Review your ideas again and use these classifications to weed out the poor ones. But, of course, you can also remove the good ones and keep the great ones if you like.
Once you’ve already made a list of marketing ideas you feel could help you deliver your goal, the next thing to do is to assess them based on the available resources, which we will discuss next.
Assess the available resources
No matter how awesome your marketing ideas are, you are limited by the available resources based on the four items of project parameters: time, cost, quality, and quantity.
As you now have a goal and marketing ideas, you need to gauge them against the available resources, which will help you put everything in perspective.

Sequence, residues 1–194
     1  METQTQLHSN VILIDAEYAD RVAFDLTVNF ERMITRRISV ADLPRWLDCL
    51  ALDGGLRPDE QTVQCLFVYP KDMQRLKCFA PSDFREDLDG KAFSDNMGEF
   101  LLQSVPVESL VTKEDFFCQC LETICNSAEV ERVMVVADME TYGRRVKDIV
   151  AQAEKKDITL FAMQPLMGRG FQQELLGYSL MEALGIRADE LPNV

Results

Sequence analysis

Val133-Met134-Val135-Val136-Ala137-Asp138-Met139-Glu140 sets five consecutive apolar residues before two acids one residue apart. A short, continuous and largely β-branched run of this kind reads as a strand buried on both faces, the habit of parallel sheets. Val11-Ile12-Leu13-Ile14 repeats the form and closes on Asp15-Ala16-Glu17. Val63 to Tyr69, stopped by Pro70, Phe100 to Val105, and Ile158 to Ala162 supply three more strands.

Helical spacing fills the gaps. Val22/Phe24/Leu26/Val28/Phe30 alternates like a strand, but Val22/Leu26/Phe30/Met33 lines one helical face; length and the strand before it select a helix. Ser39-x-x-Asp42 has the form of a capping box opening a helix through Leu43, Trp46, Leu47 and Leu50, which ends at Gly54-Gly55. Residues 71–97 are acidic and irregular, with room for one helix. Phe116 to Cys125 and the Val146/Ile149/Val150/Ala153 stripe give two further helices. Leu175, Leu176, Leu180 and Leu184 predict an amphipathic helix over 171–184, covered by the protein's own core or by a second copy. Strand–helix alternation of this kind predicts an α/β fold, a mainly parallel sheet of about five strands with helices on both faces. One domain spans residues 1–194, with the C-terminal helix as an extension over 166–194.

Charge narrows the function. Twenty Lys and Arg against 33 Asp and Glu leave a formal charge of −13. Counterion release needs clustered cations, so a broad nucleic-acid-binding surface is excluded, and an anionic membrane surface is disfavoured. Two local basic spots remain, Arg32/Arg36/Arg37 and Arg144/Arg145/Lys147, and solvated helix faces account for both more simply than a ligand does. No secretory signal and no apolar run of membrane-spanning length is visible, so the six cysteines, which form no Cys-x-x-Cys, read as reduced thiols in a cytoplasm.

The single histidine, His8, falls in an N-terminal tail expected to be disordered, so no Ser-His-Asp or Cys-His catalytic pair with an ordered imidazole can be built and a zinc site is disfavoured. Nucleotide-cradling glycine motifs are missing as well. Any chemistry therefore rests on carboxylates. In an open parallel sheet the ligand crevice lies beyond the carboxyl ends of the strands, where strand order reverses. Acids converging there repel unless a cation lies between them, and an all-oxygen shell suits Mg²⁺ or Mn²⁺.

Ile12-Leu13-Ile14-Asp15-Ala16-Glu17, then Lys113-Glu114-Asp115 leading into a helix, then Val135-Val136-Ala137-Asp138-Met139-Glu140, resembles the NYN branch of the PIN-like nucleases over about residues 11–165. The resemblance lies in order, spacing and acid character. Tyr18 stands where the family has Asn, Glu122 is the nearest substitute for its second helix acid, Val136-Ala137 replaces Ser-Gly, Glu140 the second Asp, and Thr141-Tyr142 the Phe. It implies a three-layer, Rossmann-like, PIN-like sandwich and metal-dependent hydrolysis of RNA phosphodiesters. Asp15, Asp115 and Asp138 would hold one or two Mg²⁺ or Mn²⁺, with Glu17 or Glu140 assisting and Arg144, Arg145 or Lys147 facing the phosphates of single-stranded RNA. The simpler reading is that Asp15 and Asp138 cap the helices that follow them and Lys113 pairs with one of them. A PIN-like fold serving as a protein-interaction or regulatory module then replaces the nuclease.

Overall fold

Some of the resources to consider overall are
- The number of available team members
- How much time do they have
- Their levels of skill
- How long it would take for the project to be completed
And any other resources you feel you might need.
Once you have done this, the next you should try to know is which of these projects can be matched to the available resources in order for you to achieve your goal.
Let’s see how to do that.
Weigh the potential impact of each idea against the available resources
Having done your resources assessment, you now want to know which one of your marketing projects your available resources can execute successfully.
To do this, use a weighted decision matrix.
Let me show you how to do that step-by-step.
Put your marketing ideas in a row
Say, for example, you work in a link-building agency, and you have a goal to bring in 10 clients within one month. Put your marketing projects in a row.